Online retailers were criticized for selling Anna Rexia, a “sexy anorexia” Halloween costume printed with a skeleton and accessorized with a measuring-tape belt. “If you’re starving for attention,” read one site’s product description, “this costume will be sure to put you on top of the world.”CNN via WTAE PittsburghThe top two couples in the 12th annual North American Wife Carrying Championships in Maine won the wives’ weight in beer, and the final ten contestants in an Edinburgh “world’s hottest chili”-eating contest dropped out when they witnessed the first ten writhe in agony and vomit after consuming a curry known as the Kismot Killer. Beverly Jones, who finished nine spoonfuls, won the contest; Curie Kim, who was hospitalized twice afterward, finished second.Lewiston Sun JournalDaily MailA 44-year-old woman who thought she was suffering from food poisoning and menopause discovered she had in fact been pregnant when she gave birth on a roadside bench in Derbyshire, England.BBCA rare short-snouted seahorse was discovered in the Thames, rainbow hunters captured the elusive quadruple rainbow on film, and the U.S. Fish and Wildlife Service determined that Florida fairy shrimp and South Florida rainbow snakes aren??t eligible for protection under the Endangered Species Act because they may not exist.BBCBBCAssociated Press via Orlando SentinelAn oil spill off New Zealand’s Bay of Plenty threatened fairy terns, godwits, and little blue penguins, and Englishman Paul Urch was fined £160 ($250) for failing to remove a set of garden gnomes from his deceased father??s home before selling it. “Haven’t people got better things in life to do,” asked Urch, “than moan about a gnome?”UK GuardianNews.com.au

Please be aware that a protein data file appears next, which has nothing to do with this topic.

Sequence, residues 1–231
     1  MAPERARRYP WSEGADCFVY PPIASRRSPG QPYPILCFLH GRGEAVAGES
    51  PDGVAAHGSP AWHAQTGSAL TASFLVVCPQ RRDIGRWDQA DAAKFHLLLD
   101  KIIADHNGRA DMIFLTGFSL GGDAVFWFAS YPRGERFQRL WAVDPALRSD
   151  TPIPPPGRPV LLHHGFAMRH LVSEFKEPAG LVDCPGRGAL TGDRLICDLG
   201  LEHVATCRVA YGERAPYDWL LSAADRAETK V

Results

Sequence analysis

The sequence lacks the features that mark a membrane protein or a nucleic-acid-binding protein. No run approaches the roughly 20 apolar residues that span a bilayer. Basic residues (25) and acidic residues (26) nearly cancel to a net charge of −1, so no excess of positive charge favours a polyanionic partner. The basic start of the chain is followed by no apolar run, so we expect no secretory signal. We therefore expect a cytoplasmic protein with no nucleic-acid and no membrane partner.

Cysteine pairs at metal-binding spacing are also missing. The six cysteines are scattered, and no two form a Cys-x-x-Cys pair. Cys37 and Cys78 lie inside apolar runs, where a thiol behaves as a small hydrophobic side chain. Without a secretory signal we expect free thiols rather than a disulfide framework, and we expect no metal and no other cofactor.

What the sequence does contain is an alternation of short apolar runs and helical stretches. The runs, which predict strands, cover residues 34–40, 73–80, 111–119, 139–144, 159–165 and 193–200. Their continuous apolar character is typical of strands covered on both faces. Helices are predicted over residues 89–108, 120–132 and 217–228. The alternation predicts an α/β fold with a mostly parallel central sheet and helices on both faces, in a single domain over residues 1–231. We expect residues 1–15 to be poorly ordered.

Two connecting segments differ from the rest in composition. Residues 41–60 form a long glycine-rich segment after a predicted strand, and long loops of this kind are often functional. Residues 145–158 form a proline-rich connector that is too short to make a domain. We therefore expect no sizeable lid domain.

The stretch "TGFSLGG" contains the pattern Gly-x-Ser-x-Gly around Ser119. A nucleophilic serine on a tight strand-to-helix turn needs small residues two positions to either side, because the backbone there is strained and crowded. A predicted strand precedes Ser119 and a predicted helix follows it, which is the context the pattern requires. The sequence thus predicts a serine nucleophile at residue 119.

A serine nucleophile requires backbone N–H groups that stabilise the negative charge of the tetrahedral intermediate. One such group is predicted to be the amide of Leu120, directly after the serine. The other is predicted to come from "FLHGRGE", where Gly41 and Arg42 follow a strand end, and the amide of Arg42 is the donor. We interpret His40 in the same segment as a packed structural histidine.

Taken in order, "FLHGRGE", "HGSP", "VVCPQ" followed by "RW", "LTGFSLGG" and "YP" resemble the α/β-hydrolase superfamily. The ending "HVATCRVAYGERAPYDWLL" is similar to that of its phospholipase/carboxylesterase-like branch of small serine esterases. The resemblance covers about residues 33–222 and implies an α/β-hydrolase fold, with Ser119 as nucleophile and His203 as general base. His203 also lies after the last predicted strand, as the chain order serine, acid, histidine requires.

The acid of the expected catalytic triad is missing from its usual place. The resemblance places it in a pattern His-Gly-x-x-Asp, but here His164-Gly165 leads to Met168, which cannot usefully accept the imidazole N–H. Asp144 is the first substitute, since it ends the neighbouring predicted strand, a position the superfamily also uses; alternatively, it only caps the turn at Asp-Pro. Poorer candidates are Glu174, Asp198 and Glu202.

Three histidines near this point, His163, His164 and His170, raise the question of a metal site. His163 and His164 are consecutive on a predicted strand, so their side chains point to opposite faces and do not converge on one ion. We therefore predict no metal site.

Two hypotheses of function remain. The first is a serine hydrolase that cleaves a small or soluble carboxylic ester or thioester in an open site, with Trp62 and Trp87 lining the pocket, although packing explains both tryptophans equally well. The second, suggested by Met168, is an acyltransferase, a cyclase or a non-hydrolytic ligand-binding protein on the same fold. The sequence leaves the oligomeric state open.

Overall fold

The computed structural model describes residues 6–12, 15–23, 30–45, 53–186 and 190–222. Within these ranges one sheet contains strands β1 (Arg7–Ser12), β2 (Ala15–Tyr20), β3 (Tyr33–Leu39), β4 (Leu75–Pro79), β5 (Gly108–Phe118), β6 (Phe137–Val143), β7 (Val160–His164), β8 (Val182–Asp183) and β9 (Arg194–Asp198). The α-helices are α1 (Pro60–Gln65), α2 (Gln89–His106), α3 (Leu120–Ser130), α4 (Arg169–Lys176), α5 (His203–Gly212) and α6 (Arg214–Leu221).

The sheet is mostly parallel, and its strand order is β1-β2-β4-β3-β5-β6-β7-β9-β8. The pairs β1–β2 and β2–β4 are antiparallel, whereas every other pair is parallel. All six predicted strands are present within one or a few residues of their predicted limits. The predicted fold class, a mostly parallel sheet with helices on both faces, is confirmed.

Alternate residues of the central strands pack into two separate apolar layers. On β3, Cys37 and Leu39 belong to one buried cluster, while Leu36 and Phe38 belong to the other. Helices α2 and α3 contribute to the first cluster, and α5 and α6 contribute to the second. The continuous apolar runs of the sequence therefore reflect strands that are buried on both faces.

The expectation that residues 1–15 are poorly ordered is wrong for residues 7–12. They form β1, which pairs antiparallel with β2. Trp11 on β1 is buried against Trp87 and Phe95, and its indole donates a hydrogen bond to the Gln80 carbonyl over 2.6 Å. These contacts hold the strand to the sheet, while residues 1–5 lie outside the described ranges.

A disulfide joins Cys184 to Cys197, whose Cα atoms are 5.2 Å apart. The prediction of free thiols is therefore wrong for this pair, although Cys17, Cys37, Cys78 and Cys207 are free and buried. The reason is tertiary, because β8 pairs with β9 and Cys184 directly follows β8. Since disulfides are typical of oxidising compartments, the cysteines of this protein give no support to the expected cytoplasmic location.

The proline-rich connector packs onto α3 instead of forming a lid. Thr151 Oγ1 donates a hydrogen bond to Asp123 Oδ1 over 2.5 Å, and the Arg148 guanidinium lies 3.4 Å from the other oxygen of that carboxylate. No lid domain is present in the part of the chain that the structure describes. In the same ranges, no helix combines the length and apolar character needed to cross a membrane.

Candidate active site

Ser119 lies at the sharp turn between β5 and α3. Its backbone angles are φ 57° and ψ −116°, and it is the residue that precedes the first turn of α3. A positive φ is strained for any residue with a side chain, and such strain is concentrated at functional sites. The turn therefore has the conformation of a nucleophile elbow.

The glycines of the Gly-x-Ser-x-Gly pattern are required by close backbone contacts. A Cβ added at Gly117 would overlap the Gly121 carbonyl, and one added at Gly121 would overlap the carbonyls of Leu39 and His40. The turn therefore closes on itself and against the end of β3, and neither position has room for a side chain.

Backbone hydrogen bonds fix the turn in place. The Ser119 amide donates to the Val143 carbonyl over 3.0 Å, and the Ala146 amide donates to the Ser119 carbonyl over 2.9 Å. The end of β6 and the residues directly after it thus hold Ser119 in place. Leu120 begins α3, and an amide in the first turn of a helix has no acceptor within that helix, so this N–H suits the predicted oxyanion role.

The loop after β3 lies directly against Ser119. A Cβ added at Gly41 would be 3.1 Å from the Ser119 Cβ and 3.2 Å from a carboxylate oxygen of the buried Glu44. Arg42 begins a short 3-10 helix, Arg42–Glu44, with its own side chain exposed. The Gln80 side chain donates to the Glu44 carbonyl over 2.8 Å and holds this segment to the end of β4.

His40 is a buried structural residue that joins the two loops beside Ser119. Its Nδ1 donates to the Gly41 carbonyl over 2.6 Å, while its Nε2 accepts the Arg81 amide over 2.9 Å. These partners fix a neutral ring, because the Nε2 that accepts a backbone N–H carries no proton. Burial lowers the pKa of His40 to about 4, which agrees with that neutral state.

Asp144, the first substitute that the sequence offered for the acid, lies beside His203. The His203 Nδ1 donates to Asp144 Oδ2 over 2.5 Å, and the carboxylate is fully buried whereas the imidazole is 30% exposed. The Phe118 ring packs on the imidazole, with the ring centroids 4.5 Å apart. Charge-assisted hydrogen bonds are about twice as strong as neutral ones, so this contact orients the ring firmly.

Share
Single Page

More from Sara Breselor:

Weekly Review January 20, 2015, 8:00 am

Weekly Review

The Pope says climate change is mostly man made, Al Qaeda claims responsibility for the attack on Charlie Hebdo, and residents of a town in Denmark agree to have sex more often

Weekly Review December 23, 2014, 8:00 am

Weekly Review

North Korea attacks the U.S. film industry, Pakistan reinstates the death penalty, and a Pennsylvania electrician stabs a Virgin Mary lawn ornament in the head

Weekly Review October 7, 2014, 8:00 am

Weekly Review

America’s first Ebola diagnosis, a pro-ICBM clothing exchange, and Joe Biden on being number two.

Get access to 164 years of
Harper’s for only $39.99

United States Canada

CATEGORIES

THE CURRENT ISSUE

March 2015

The Spy Who Fired Me

= Subscribers only.
Sign in here.
Subscribe here.

Giving Up the Ghost

= Subscribers only.
Sign in here.
Subscribe here.

Invisible and Insidious

= Subscribers only.
Sign in here.
Subscribe here.

A Sage in Harlem

= Subscribers only.
Sign in here.
Subscribe here.

The Man Stopped

= Subscribers only.
Sign in here.
Subscribe here.

view Table Content

FEATURED ON HARPERS.ORG